Like most of my generation, I grew up close to nature and I know now that my childhood memories are a luxury. Remember when kids came home when the streetlights came on, having spent the evening playing outdoors with friends? We played hopscotch and tag.
We made up games and stories as we discovered the world outside our homes. We did not have toys designed to develop skills or abilities but we never lacked those attributes. Because they lie within each child, waiting to be awakened.
As a mother raising a child in New York, I know that I want to give my child the opportunity to learn, play and explore. So when we started thinking about what we wanted for Elements – an urban nature pre-school – our first goal was to create the experience of being in a forest or wooded area in a backyard of 3500 sq feet in the heart of a city.
We wanted children to be able to touch the soil, play with water, sit under trees and help grow produce. We wanted stations for art, and enough space for both dramatic play and unstructured play. Luckily, we found a team who believed in that vision, who helped
create this space. And then we crafted a curriculum that allows a child to explore, experience and discover.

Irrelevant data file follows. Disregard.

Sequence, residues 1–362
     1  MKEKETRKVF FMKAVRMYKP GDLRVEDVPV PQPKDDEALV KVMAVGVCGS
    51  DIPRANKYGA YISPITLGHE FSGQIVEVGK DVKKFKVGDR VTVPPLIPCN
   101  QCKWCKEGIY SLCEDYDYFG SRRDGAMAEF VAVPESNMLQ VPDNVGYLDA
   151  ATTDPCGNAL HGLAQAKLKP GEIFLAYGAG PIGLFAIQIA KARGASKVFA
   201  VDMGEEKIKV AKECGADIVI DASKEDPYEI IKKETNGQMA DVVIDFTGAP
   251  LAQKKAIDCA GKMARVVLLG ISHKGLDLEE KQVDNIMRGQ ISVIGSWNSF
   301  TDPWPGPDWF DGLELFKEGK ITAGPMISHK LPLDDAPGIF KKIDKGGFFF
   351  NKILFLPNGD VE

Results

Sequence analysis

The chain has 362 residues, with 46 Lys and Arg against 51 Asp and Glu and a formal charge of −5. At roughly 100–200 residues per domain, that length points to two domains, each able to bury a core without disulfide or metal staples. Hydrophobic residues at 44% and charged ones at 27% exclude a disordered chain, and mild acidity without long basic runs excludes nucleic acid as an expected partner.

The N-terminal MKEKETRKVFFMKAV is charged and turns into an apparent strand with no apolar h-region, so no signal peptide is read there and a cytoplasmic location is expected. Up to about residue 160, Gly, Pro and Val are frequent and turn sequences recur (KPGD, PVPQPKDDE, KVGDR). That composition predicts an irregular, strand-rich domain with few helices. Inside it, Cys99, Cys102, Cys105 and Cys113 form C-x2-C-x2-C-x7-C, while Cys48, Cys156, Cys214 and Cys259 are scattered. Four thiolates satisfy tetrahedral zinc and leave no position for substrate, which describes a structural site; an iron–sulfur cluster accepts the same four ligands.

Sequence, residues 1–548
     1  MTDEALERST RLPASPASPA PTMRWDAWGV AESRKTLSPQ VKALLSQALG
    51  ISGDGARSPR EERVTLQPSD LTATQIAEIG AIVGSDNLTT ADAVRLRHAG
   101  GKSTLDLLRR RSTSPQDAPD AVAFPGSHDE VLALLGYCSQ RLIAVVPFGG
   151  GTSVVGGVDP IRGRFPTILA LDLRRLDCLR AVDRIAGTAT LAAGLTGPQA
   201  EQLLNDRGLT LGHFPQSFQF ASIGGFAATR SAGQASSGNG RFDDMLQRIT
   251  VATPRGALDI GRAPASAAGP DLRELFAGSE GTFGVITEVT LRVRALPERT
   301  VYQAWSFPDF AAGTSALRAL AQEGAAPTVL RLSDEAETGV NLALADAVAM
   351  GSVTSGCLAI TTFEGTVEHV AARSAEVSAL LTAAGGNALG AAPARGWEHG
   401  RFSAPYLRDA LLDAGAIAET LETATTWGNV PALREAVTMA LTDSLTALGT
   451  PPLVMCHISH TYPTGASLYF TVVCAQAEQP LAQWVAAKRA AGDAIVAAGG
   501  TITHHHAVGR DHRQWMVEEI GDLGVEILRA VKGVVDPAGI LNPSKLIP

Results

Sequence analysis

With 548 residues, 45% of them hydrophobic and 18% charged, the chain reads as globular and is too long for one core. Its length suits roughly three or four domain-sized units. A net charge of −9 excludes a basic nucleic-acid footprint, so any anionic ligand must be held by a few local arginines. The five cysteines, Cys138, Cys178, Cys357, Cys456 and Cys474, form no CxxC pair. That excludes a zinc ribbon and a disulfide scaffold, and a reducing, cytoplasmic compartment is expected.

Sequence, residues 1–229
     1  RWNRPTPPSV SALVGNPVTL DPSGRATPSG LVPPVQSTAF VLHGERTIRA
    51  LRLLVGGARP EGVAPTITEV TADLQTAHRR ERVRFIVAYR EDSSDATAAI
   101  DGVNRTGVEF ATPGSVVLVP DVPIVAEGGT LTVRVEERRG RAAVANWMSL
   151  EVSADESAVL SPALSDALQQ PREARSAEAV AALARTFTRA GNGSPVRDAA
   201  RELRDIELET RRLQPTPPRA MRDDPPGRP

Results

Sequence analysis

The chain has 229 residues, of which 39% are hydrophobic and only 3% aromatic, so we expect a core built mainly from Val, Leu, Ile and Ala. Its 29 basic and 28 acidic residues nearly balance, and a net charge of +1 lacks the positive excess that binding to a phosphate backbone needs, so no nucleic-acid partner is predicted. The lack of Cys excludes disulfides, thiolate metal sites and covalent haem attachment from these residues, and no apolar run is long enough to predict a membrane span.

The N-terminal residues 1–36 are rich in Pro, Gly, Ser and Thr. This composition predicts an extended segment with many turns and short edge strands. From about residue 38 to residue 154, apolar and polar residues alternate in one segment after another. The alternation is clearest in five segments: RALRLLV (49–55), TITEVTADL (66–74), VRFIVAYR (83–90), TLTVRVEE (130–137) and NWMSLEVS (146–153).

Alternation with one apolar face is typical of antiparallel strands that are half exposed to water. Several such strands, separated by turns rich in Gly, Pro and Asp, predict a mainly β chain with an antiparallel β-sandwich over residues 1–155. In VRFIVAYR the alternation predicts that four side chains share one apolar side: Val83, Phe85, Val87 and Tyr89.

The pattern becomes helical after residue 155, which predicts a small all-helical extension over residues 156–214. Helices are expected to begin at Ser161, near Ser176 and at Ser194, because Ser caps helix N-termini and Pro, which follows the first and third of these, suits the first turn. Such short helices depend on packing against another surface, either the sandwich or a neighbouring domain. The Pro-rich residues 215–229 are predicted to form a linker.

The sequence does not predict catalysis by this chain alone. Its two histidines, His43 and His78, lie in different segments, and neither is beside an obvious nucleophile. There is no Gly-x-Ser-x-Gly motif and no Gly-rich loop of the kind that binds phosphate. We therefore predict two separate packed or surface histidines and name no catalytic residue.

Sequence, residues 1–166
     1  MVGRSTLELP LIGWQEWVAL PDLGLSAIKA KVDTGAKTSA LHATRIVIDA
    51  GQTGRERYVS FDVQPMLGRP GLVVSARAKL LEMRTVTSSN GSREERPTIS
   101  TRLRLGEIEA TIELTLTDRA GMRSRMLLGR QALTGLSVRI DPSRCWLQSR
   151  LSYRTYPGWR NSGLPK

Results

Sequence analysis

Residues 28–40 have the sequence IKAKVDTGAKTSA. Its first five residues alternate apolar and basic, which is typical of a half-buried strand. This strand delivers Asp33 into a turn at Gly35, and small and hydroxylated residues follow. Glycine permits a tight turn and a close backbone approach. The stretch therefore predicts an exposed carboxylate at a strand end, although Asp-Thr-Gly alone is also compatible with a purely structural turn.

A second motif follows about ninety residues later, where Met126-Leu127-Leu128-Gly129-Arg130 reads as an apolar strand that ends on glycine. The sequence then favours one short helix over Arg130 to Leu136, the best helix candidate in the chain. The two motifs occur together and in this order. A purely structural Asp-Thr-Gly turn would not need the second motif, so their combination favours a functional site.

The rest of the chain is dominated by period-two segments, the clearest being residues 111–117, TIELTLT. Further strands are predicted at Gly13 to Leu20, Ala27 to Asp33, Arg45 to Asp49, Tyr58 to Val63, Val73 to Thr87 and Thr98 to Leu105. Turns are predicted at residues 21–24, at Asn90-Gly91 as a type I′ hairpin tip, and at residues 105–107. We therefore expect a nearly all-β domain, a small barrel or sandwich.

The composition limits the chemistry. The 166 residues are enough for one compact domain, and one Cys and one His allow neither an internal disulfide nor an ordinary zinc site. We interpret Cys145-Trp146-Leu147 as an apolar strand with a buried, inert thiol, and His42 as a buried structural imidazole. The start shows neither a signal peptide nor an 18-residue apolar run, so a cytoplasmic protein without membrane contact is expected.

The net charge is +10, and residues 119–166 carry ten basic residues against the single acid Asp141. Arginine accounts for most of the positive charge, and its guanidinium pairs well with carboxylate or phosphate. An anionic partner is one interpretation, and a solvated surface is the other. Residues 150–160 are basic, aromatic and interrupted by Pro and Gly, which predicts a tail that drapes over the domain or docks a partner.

Every child has talents and every child learns in its own way. At Elements, we believe that given the right environment, space and support, every child can awaken its special genius.
We celebrate each student for being herself and himself. They are given the information and tools they need, and then encouraged to think and imagine. The outdoors provides a diverse, versatile environment for this, as against classrooms, which are very structured in nature.
For instance, if our students are to learn about worms, one way to do it would be to use teaching aids and maybe bring one worm into the classroom in a jar and pass it around. Here’s how we chose to approach it. A discussion about worms was started in the classroom, and the kids were encouraged to share their thoughts and ask questions. Then, everyone put on their raincoats and boots and headed out into the garden, when it was raining. The kids loved digging around, trying to find worms and they could see that the rain brought the worms out. The sense of excitement as they searched and joy as they found worms could never be recreated in a classroom.
Experiential learning helps building curious, imaginative and creative minds that actively think and not just follow.
More about this next week, in our next post about Learning at Elements.
Thank you for reading!